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Buffalo surprise in the paddock

JOB OF PASSION: Bryan Jans takes pride in working with buffalo to produce a first class milk that is resulting in superb cheese and soap.

 

THINK of South Gippsland and milk, and one typically conjures up the image of a herd of Friesian or Jersey cows.

But in the far east of the region, there is an animal of a different kind in a milking shed, a bovine usually associated with Australia’s tropical top end.

Buffalo are being milked by Bryan Jans and his parents John and Tina on their Giffard West property, Sunrise Plains, between Yarram and Sale.

While their milk does not end up in a milk factory, their produce has gained international success.

Their milk was the key ingredient in the cheese that won Berrys Creek Gourmet Cheese’s Riverine Blue a silver medal in a global class at the Nantwich World Cheese Awards in the UK, as well as a gold medal in an Australian class.

The Fish Creek company is one of two destinations for the Janses’ buffalo milk. The other is Nicholson River Soaps near Bairnsdale.

Bryan’s family has been milking buffalo for six years, after moving to Giffard West from suburban Cranbourne North, lured back to the country by his parents’ ties with the Leongatha and Yarram areas.

So how did he come to be a dairy farmer milking a creature foreign to the cool climate of South Gippsland?

“When we bought the property, it was pretty much a blank canvas and we were looking for some options that would be good to ensure the property paid its way and buffalo was a bit different,” Bryan said.

“We had done some travelling up in the (Northern) Territory and looked into buffalo and found that milking them would be a good prospect.”

The Riverine buffalo at Sunrise Plains are in fact a different breed to the Swamp Water buffalo synonymous with the floodplains of the Top End, and so can handle southern weather – even donning a winter coat.

“They cope fairly well down here and the property is fairly sheltered,” Bryan said.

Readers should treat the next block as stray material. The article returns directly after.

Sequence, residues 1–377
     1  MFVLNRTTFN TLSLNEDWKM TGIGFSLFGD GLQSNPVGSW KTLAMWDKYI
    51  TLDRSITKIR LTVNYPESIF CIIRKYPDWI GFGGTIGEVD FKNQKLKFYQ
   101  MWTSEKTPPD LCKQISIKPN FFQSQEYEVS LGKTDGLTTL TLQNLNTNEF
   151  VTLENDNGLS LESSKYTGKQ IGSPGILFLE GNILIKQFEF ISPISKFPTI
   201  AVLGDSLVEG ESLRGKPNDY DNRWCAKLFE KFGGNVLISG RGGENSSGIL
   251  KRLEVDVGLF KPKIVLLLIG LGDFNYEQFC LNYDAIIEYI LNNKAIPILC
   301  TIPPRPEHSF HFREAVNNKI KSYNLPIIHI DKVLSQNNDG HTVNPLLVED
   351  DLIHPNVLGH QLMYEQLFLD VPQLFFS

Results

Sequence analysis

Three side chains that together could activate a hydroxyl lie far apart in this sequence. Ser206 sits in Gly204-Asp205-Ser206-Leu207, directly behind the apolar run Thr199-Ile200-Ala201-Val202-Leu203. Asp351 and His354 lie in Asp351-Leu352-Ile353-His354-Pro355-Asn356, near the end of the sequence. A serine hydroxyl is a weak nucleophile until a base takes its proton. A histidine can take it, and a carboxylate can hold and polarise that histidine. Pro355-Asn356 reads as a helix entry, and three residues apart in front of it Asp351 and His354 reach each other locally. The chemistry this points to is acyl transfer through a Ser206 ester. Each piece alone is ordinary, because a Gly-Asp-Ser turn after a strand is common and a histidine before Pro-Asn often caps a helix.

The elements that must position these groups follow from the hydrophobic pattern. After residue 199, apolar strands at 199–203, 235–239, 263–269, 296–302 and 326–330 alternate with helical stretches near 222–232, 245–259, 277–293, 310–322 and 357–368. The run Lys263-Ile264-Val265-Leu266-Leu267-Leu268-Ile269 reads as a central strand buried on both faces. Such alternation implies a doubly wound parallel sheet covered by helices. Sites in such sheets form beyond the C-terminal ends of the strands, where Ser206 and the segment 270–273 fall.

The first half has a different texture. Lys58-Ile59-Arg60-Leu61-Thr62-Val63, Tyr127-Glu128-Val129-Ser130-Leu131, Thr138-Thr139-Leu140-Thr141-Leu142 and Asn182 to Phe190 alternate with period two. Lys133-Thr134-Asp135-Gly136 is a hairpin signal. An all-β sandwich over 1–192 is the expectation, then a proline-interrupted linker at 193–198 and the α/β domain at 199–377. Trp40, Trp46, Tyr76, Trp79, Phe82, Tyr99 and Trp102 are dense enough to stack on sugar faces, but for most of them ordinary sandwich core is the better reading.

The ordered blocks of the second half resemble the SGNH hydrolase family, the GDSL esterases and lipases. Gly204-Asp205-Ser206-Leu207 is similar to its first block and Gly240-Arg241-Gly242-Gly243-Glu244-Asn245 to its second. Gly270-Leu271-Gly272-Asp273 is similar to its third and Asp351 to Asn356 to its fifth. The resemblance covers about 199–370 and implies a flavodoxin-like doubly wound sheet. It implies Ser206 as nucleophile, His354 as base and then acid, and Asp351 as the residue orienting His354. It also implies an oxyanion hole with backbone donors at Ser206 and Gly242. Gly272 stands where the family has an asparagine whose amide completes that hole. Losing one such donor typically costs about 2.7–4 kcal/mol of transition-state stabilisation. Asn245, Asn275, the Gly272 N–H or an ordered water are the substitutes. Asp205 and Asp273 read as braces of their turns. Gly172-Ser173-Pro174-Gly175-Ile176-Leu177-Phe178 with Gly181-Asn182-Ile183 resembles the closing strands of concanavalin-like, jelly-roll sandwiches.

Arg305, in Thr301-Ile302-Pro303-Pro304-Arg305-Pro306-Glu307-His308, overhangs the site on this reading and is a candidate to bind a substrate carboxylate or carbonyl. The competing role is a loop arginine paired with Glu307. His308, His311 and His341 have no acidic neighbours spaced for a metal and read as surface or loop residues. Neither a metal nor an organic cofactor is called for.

The Jans family milks 75 buffalo cows, each producing from five to 20 litres each milking, which occurs once a day, typically from 7am to 10am.

“Buffalo are a bit more resilient than a dairy cow and they like their roughage which is handy with the drought,” Bryan said.

“A dairy cow would not have done as well as they have. They convert their roughage well but they like their green grass too.”

The herd feeds on pasture and is supplementary fed hay in the paddock. In the shed, the animals receive a customised grain mix that includes barley and wheat.

“That depends on the time of the year and how the grass is going, to add a bit of protein,” Bryan said.

While a buffalo can look intimidating at first, he finds they all have a personality of their own.

“They’re happy to see you at the dairy and they all have a name,” Bryan said.

“When we brought the first lot down from the Territory, it took them about six months to even go near the dairy. We try to keep it low stress because a happy animal gives as good a product as possible.”

Nevertheless, Bryan said people who expect working with buffalo to be the same as working with dairy cows “are in for a shock”.

“They are headstrong so when you’re getting them to do what you want them to do, they have to want to do it as well,” he said.

“That’s what keeps it fun.”

Bryan rates his buffalo milk for its unique characteristics.

“It’s higher in fat content than cows’ milk and it has a bright, white colour which makes for a good appearance,” he said.

“Being higher in fat, it does not feel as heavy on the palate as cow’s milk does.”

Barry Charlton of Berrys Creek Gourmet Cheese said the creaminess of buffalo milk makes for a distinctive cheese.

 “It’s a sweetish sort of milk, and it’s high in fat and protein,” he said.

Buffalo milk’s very high content also makes it ideal for soap-making.

Bianca Ward of Nicholson River Soaps in Bairnsdale sources milk from Bryan’s farm and loves the result.

“Buffalo milk has three times more fat than goat’s milk or camel’s milk, making a very moisturising bar of soap,” she said.

Bryan Jans (L) and Barry Charlton of Berrys Creek Gourmet Cheese celebrate an award-winning buffalo cheese made with milk from Bryan’s Giffard West farm.
Buffalo milk soap is proving a winner for Nicholson River Soaps.

Short URL: http://thestar.com.au/?p=30697

Posted by on Jan 14 2020. Filed under Featured, Rural News. You can follow any responses to this entry through the RSS 2.0. You can leave a response or trackback to this entry

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